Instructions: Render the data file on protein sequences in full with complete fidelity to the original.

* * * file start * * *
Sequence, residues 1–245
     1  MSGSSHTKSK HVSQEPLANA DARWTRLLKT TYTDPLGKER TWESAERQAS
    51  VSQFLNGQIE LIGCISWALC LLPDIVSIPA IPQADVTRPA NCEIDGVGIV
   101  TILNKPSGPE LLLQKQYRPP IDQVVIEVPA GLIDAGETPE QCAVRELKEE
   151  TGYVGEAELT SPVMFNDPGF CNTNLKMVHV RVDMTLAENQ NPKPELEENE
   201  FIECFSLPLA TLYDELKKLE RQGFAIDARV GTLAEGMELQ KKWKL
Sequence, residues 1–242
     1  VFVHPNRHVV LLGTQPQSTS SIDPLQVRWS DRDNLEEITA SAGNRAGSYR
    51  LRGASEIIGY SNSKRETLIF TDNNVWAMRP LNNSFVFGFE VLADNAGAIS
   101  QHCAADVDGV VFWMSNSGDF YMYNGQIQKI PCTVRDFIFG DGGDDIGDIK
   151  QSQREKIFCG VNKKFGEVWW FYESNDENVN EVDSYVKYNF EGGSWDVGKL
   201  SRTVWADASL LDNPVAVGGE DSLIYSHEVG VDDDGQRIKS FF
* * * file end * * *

Sequence, residues 1–245
     1  MSGSSHTKSK HVSQEPLANA DARWTRLLKT TYTDPLGKER TWESAERQAS
    51  VSQFLNGQIE LIGCISWALC LLPDIVSIPA IPQADVTRPA NCEIDGVGIV
   101  TILNKPSGPE LLLQKQYRPP IDQVVIEVPA GLIDAGETPE QCAVRELKEE
   151  TGYVGEAELT SPVMFNDPGF CNTNLKMVHV RVDMTLAENQ NPKPELEENE
   201  FIECFSLPLA TLYDELKKLE RQGFAIDARV GTLAEGMELQ KKWKL
Sequence, residues 1–242
     1  VFVHPNRHVV LLGTQPQSTS SIDPLQVRWS DRDNLEEITA SAGNRAGSYR
    51  LRGASEIIGY SNSKRETLIF TDNNVWAMRP LNNSFVFGFE VLADNAGAIS
   101  QHCAADVDGV VFWMSNSGDF YMYNGQIQKI PCTVRDFIFG DGGDDIGDIK
   151  QSQREKIFCG VNKKFGEVWW FYESNDENVN EVDSYVKYNF EGGSWDVGKL
   201  SRTVWADASL LDNPVAVGGE DSLIYSHEVG VDDDGQRIKS FF